Both the oriental and the occidental views, in their extremes, are reductive. They reduce reality to only one of its features. The oriental disposition attributes reality exclusively to the fundamental self-nature, and the occidental disposition attributes reality exclusively to the objective relations of the self. But when you become dogmatically inclined to attribute reality exclusively to one or another primary feature of our total Condition, you are engineering your consciousness into an illusion, a fault, a dilemma.

The oriental disposition is regressive toward self, but the occidental disposition is progressive to the exclusion of the self. It makes Man into a moral robot whose only significance is the accomplishment attributed to the few individuals who have made scientific discoveries at critical moments. From the point of view of scientific dogma, those are the only human beings who have really done anything other than be confined to illusions. Everybody else is sort of babbling along in fear, believing all kinds -of nonsense. Here and -there we find some character in a tweed coat with a pipe who is able to break free of all that and see how objects move in space!

In terms of the ability to observe and comprehend, there is something remarkable about such individuals. But likewise other people have accomplished just as many remarkable things in relation to a totally different way of knowing, a more comprehensive or total way of knowing or realizing our existence. Even so, _there are many babbling, frightened people, but you can babble and be frightened as a scientist just as much as you can babble and be :frightened as a conventionally religious person.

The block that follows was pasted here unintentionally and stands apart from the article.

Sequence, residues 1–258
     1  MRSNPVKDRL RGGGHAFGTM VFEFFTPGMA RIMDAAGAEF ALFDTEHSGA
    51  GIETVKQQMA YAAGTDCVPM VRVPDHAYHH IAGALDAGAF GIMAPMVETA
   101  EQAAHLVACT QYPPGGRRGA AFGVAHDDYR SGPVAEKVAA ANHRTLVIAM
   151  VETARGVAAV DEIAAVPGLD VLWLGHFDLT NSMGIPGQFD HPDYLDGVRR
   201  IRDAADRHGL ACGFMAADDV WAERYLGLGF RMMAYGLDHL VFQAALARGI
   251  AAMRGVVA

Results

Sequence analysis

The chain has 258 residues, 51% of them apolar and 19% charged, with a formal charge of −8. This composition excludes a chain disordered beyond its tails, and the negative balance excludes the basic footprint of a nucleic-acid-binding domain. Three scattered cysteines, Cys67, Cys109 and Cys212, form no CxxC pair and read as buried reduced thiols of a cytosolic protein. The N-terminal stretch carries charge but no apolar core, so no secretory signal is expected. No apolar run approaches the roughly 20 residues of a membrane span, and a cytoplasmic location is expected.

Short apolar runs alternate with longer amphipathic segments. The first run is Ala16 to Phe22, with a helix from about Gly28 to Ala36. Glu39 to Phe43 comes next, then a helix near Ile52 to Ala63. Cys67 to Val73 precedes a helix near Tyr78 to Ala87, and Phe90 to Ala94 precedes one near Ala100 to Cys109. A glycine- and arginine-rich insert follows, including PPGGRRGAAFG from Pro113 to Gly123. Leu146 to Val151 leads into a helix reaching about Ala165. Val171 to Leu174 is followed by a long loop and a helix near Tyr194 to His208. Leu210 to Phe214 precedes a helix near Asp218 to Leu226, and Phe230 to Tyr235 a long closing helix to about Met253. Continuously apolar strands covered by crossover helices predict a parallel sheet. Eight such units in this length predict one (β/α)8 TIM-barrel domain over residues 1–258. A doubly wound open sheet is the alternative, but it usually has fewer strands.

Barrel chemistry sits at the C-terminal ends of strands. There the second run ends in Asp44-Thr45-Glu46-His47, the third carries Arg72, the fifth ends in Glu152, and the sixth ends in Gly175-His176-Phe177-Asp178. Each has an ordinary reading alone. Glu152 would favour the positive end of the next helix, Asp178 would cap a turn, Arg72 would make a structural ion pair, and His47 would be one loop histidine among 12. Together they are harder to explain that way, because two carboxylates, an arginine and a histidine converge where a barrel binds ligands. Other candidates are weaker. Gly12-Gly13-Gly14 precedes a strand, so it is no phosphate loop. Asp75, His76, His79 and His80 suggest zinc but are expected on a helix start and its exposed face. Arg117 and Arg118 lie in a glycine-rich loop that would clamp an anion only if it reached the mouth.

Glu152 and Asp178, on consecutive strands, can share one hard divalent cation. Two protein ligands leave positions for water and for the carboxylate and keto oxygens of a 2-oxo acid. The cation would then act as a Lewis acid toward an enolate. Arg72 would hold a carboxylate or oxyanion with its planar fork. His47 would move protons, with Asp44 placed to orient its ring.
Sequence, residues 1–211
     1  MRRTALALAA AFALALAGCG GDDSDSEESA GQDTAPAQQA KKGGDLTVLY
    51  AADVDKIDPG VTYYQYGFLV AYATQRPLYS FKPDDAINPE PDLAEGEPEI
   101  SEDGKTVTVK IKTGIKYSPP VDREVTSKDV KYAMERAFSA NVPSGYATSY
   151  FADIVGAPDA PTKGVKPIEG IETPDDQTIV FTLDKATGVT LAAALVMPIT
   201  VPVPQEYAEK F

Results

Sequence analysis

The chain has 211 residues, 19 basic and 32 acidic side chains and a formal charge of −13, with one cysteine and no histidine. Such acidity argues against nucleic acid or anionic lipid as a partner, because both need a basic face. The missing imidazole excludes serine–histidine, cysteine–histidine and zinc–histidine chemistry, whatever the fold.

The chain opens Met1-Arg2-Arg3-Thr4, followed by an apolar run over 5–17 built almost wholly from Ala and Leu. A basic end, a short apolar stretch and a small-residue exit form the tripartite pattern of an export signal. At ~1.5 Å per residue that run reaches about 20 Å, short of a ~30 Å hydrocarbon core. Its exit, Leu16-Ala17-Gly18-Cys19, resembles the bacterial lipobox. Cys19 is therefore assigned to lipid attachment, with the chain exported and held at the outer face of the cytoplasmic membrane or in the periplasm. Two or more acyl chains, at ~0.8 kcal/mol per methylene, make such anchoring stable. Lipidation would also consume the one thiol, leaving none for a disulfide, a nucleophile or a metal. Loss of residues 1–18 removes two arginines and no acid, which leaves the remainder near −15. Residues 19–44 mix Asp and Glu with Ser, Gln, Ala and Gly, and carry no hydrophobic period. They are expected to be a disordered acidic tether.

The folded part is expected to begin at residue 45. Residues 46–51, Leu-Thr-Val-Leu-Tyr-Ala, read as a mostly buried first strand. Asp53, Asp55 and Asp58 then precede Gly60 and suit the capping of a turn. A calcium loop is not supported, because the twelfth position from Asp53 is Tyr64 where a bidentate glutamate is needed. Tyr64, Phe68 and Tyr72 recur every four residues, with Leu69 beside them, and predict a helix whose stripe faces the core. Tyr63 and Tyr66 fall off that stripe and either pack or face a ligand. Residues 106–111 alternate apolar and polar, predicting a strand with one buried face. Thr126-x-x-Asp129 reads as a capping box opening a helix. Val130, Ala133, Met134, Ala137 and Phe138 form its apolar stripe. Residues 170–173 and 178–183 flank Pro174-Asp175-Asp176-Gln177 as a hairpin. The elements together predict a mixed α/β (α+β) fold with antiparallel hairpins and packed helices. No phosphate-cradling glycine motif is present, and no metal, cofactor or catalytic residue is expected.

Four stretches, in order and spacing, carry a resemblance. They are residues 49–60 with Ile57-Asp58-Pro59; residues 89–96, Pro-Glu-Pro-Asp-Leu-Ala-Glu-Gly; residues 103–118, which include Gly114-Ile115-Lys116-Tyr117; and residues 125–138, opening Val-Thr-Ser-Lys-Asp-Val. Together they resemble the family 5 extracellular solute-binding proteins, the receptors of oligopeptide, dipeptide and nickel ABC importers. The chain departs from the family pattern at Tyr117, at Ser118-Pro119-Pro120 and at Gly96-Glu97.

The oriental enterprise-which not only developed in the East but which has been a feature of humanity all along, East and West has provided the domain for religion; spirituality, mysticism, magic, and all the elaborations of the psyche. Because oriental enterprises attribute reality only to the fundamental depth of the subject and not to the world of forms, they tend to be ineffectively related to the world of forms. Therefore, if the domains of religion, spirituality, mysticism, and magic are not held accountable to real processes, they can develop all kinds of illusions and create views that are purely imaginary, suggestive, or archetypal. Those views may be unified, but the. phenomena they ate- unifying can. be totally imaginary, merely psychic and subtle, and only partially objective in,: relation to the material world-Thus, the mind of Man and the culture of Man, when-permitted to develop exclusively along oriental ‘lines, tend t6 create a culture of illusions.

Science as we know it appeared historically at a time, when religious enterprises (particularly Christianity), dominated by orientalism, had; become so filled with illusions that early scientific observations. were arbitrarily condemned and anathematized, just as science now arbitrarily condemns and anathematizes non illusory, real features of psychic and Spiritual realization. Scientific discoveries were declared heretical because they did not square with the assumed imaginary cosmic picture that had been created by religionists. Then, as science itself began to achieve more and more dominance because it was discovering some real facts, the Church, the religious point of view, the. oriental disposition itself, began to be viewed as wrong. Not only some of its presumptions or ideas were presumed wrong, but religion itself was presumed wrong.